Abscond to Wander

Jefferson’s Monticello

Just over two hours away from the Jefferson Memorial in Washington DC is the quaint town of Charlottesville, Virginia. But follow a winding road up a mountainside and you’ll find yourself deep in the forest, surrounded by trees, and at President Jefferson’s home.

Monticello (meaning “little mountain” in Italian and pronounced in Italian rather than the with the typical English pronunciation) is both secluded and out in the open. Nestled on top of a peak in the Southwest Mountains it is surrounded by forest but you can see the land around the swell in the earth.387974_622987596215_256517500_n

This is certainly a day-trip worth taking for book, history, and nature lovers. Once you’ve arrived you park in the various parking-lots by the visitor’s center and then have the option of either walking through a wooded path to Monticello or taking a bus. I opted for the walk despite the heat (it is cooler there than in DC due to the elevation but still hot during the summer!) and made my way up the winding path to the house.

Along the way, and you have this opportunity on the bus as well, you can stop at the family graveyard where Jefferson’s body is buried. It’s tucked into the woods, surrounded by trees, and with a rather imposing metal fence around it. Jefferson wanted to be buried there and honestly it’s a rather lovely and peaceful location for one’s final resting place.


Emerging from the woods I walked up a path in the blazing sun and then beneath a row of trees and beside a large, sprawling garden. Nestled at the edge of the garden and overlooking the valley and orchard was a little brick building with large windows which Jefferson would retreat to read in. How lovely is that?


Besides the beautiful garden (my favorite part) there is the long, wrap around driveway leading up to the house itself.

Note: you are not allowed to take photos within the Jefferson house but you can go crazy on the grounds. Within the house, unfortunately, there is a lot of stuff that is copyrighted or belonged to museums so they are quite against taking photos or videos. So just check out this link instead: House Image Gallery.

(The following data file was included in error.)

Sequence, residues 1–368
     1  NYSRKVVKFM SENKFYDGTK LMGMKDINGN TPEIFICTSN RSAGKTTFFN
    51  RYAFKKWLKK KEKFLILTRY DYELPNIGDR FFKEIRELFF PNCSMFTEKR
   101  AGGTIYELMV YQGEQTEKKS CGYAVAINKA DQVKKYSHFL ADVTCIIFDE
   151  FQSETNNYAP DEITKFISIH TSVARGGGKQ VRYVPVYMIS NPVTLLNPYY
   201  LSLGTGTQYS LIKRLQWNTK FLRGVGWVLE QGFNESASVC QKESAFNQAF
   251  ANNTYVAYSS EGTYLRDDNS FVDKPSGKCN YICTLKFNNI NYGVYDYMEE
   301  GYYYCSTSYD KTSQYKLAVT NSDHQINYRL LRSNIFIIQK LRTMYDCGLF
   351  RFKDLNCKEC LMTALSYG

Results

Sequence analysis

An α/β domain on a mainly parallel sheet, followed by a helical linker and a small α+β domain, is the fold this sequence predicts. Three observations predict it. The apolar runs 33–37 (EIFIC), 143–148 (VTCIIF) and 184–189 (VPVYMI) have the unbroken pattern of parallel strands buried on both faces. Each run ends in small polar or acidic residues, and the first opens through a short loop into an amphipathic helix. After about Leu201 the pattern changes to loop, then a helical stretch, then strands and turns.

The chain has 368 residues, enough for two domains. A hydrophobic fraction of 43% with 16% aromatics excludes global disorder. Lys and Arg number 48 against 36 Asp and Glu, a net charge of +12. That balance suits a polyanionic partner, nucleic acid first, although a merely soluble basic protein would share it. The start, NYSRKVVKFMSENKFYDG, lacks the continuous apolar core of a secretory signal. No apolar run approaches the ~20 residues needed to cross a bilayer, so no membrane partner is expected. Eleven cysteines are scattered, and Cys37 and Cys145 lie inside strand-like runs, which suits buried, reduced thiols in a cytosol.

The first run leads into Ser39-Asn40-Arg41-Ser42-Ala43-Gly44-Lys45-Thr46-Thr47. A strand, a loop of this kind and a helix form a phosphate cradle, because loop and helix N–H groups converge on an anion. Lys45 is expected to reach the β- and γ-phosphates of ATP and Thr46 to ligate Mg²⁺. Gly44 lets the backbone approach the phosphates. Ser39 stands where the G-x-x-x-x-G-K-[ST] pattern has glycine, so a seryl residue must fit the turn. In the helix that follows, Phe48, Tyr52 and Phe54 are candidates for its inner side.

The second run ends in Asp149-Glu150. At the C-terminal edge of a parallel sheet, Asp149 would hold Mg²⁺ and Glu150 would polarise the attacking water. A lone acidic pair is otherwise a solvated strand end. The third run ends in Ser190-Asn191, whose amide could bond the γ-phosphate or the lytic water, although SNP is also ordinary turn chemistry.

The inside of the home is beautiful and quite shocking. From the outside you suspect the house to be much smaller than it is but within it’s quite the opposite. Most of the rooms didn’t even have lights as Jefferson installed many skylights which provide more than enough light.

While the Library of Congress has many of Jefferson’s books on display, there is still a library at Monticello itself (the man loved books!) and some are his original copies that he would read. You also get a taste of his meeting rooms and where he would wine and dine. Really, it’s fantastic and worth the ticket.

My friend and I had gone to Monticello in the dead of summer while it was ridiculously (and typically) hot for Virginia. We had been witnessing temperatures in the triple digits for most of the summer and were concerned about our trip to Monticello due to the heat and walking around. Luckily, Monticello is at a higher elevation so it’s a bit cooler there than in DC.

Note: If you are traveling to Monticello from out of the area, check the weather! It may be cooler there, foggy, cloudy or rainy while elsewhere it certainly is not. We found ourselves to be enjoying the weather!

Jefferson would have been such a nerd if he was around in this day and age. The dude loved food and reading and you can see it all by visiting his home. Bring some cash if you’re one to like little mementos or “old-time” objects as the shop has plenty of merchandise. It was hard for me to pick what I wanted! And there are two shops you can buy items at: one is just outside of the Monticello main building and another is at the entrance to the historic park where you can buy your tour ticket and hop on the bus to take up the mountain.

All I can say is that Monticello was beautiful and completely worth the lengthy day trip.229061_622988204995_1622193212_n

This entry was published on January 26, 2013 at 9:04 pm. It’s filed under Photography, Travel, Uncategorized and tagged , , , , , , , . Bookmark the permalink. Follow any comments here with the RSS feed for this post.

2 thoughts on “Jefferson’s Monticello

  1. Wonderful description of Monticello! Really fascinating guy. I hope you’ve also had the chance to see Poe’s room at UVA (or maybe the next trip?).

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